Are You Suffering From Mom Burnout?
As a mom, all too often you come last — after the kids, your partner, your dog, your job, you name it. And even though you might feel like you’re at the very bottom of the totem pole, you may still feel like you need to do more.
Welcome to mom burnout. While it’s not a clinical diagnosis, there’s no denying it exists. “Burnout is the experience of feeling overwhelmed and exhausted by everything you have to do, and somehow you’re still worried that you’re not doing enough,” says Amelia Nagoski, co-author of Burnout: The Secret to Unlocking the Stress Cycle. Sound familiar?
Luckily, there are ways to address this common condition. Here, the telltale signs and the simple (but not necessarily easy) changes you can make to get your physical and mental health back to a better place.
How long does it take you to fall asleep?
If you find yourself lying in bed with your to-do list running through your head like a news ticker, hello burnout.
Beat the burnout: Learn to delegate and to accept help throughout the day. This way, you’re not left worrying about unfinished to-dos at night. And if that doesn’t work, try evaluating how worrisome something really is. So what if your partner fed the kids Lucky Charms for dinner? “As long as your kids are safe, it’s worth it because you feel recharged,” says psychologist Sheryl Ziegler, PsyD, LPC, RPT, and author of Mommy Burnout. By letting go of littler mishaps, you can gain some more shut-eye.
Do you feel guilty for enjoying another cookie for dessert?
If you answered yes, you are likely experiencing what Nagoski calls “human giver syndrome.” This is the false belief that your meaning in life comes from being pretty, happy, calm, and attentive to others 24/7. “Women with burnout often feel they’ve failed if they are angry, upset, or not perfectly coiffed, or that they have to ‘pay for’ eating an extra cookie by spending extra time on the treadmill,” Nagoski says.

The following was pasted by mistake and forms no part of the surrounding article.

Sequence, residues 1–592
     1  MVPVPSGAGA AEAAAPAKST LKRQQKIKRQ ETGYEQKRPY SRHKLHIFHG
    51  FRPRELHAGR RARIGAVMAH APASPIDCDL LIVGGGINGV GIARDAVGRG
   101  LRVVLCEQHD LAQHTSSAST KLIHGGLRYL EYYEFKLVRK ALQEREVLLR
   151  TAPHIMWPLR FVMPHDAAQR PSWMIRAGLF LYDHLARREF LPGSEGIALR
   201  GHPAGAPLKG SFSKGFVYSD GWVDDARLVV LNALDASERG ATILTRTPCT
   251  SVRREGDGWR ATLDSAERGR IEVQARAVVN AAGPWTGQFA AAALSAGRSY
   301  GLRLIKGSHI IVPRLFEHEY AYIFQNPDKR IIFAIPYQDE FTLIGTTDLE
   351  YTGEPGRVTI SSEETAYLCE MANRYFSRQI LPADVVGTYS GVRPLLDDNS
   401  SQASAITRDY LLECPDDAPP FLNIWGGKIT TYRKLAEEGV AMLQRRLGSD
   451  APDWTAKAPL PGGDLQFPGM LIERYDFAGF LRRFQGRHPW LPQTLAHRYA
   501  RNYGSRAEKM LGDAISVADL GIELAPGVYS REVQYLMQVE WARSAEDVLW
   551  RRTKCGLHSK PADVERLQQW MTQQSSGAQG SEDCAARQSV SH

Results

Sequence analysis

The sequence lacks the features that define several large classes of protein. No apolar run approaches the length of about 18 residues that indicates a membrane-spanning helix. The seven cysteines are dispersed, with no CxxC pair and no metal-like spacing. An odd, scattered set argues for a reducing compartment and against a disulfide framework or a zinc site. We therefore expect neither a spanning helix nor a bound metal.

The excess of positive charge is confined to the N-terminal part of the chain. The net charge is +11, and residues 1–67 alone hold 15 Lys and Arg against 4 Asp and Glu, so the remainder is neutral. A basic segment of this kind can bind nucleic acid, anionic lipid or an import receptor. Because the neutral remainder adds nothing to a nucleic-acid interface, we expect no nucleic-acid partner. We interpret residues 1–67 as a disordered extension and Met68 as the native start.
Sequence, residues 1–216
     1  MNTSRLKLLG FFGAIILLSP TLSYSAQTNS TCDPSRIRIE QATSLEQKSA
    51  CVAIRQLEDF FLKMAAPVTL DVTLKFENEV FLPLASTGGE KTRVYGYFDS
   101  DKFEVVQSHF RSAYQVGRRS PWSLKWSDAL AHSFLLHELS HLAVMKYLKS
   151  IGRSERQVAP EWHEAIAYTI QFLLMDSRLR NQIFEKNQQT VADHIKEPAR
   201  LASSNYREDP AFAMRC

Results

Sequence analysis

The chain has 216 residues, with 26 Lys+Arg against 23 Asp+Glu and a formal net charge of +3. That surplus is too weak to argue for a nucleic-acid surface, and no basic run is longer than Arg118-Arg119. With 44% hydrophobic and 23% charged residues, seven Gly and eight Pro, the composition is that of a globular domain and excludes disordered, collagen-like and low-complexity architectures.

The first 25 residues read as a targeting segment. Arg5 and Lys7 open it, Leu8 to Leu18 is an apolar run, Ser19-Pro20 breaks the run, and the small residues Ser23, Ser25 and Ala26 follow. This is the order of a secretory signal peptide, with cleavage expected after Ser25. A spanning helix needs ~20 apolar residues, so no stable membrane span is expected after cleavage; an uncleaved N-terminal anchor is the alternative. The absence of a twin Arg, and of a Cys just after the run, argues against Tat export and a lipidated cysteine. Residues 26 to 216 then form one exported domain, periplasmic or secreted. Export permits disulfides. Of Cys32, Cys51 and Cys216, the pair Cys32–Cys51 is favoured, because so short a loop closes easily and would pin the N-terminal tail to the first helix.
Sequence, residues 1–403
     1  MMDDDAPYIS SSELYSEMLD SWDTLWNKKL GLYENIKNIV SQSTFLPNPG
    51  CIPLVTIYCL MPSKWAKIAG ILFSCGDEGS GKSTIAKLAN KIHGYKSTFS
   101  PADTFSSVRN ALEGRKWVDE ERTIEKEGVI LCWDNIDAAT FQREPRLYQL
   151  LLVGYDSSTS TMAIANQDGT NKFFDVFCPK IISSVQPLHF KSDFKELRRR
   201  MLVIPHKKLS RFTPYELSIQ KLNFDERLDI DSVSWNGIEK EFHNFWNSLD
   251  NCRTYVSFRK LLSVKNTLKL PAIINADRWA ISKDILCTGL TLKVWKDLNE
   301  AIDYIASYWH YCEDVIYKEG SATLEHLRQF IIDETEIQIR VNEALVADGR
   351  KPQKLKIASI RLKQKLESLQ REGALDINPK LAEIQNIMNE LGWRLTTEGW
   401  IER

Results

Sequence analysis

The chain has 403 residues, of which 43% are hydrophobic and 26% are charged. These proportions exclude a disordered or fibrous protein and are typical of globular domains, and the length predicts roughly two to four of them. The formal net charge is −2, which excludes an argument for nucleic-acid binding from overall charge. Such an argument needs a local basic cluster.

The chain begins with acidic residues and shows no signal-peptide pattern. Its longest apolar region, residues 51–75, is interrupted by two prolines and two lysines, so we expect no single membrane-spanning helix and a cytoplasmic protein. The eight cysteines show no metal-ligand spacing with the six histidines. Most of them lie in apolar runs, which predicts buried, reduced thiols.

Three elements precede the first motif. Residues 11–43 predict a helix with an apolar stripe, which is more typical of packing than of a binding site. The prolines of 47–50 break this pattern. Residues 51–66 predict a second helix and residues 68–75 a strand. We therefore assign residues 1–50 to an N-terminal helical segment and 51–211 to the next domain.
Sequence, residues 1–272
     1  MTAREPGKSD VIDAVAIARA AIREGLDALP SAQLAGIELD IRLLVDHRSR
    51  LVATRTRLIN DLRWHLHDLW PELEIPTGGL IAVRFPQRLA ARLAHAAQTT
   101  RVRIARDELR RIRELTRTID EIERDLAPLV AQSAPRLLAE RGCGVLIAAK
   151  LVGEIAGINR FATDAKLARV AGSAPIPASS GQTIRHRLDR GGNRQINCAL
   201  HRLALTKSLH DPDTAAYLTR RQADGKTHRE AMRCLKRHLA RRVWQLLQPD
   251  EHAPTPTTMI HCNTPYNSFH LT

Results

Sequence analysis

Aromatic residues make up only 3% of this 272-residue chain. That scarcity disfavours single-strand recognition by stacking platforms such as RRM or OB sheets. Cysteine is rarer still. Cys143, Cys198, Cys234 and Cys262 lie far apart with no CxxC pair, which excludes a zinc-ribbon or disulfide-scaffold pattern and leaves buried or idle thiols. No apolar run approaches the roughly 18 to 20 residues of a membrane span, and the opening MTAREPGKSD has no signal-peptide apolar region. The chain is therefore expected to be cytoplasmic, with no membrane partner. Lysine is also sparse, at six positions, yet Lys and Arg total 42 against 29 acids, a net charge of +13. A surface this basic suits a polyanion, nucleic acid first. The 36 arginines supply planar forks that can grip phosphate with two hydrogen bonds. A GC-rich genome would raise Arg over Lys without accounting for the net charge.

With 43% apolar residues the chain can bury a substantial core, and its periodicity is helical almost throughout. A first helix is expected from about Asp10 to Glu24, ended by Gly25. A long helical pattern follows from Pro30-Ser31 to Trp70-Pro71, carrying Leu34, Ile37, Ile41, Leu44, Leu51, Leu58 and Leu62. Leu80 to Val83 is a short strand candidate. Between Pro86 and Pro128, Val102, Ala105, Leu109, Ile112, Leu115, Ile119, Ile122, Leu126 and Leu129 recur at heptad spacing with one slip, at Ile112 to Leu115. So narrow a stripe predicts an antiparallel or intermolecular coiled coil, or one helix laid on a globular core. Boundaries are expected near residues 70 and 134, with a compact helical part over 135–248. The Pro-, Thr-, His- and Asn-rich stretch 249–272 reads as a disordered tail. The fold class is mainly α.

“It’s not bad to be a giver,” Nagoski says. But in a society where many others feel entitled to use givers and never give back — and if we don’t do something about the stress we hold in our bodies — it can set us up for burnout.
Beat the burnout: Create an hour-by-hour calendar of a 24-hour day and fill in what you do on a typical day. “See how much time you spend giving versus doing things that are replenishing to you,” Nagoski recommends. Then think: What can I change? For example, instead of mindlessly watching TV, can you have a conversation with a loved one? Or at least only watch funny shows, as laughter helps combat the stress cycle.
During a long day, you…?
Sitcoms and movies may poke fun at moms drinking, but if it’s only lunchtime and you can’t wait to pour yourself a glass later that evening, it may have to do with burnout, Ziegler says.
Beat the burnout: Have regular face-to-face chats with your mom friends—over tea or smoothies, not endless bottles of red. “It’s powerful to have someone listen to you, validate you, wipe away a tear, and share, ‘My marriage is like that too,'” Ziegler says. At the least, no matter how tired you are, call a friend and ask a genuine, “How are you?” If your habit leaves you feeling guilty or loved ones start expressing concerns, consider talking to your doctor about your drinking or attending an AA meeting.
When’s the last time you snapped at someone?
Many people don’t want to admit that parenting is difficult and emotionally exhausting. “We feel an obligation to give and be generous to our kids, and when a kid doesn’t put their shoes on, and you’ve told them six times to put their shoes on, it causes stress in you, but you shut it down because fighting with your kid isn’t effective parenting,” Nagoski says. “But that emotion still exists until you put it out somewhere.” Oftentimes, that “somewhere” is those close to you.
Beat the burnout: Stop trying to be a hero. Read: No more staying up until 4 a.m. to bake cupcakes for your toddlers’ school party. And if another mom makes a sarcastic comment about your store-bought treats the next day, Nagoski suggests saying something like, “I was so arrogant—I thought I could live with less sleep. It turns out I’m just human.” or “I’m a better parent when I’m well rested.” Having a prepared response can help keep you from saying something you’ll regret later.
Do you ever experience cynicism or resentment about being a mom?
Thoughts like “I was on a great career path…and then I had this kid”; “My kids will always be unappreciative, and it’s never going to change”; “I did my best—if my teen chooses to cut class, that has nothing to do with me and my parenting” are your burnout talking, Ziegler says. And that’s when you become detached.
Beat the burnout: Nagoski recommends staying physically active to help release any stress and resentment you might be harboring. Getting in about 20 to 60 minutes a day is ideal, but even taking a minute to dance around the living room or tense all your muscles and then release them works in a pinch.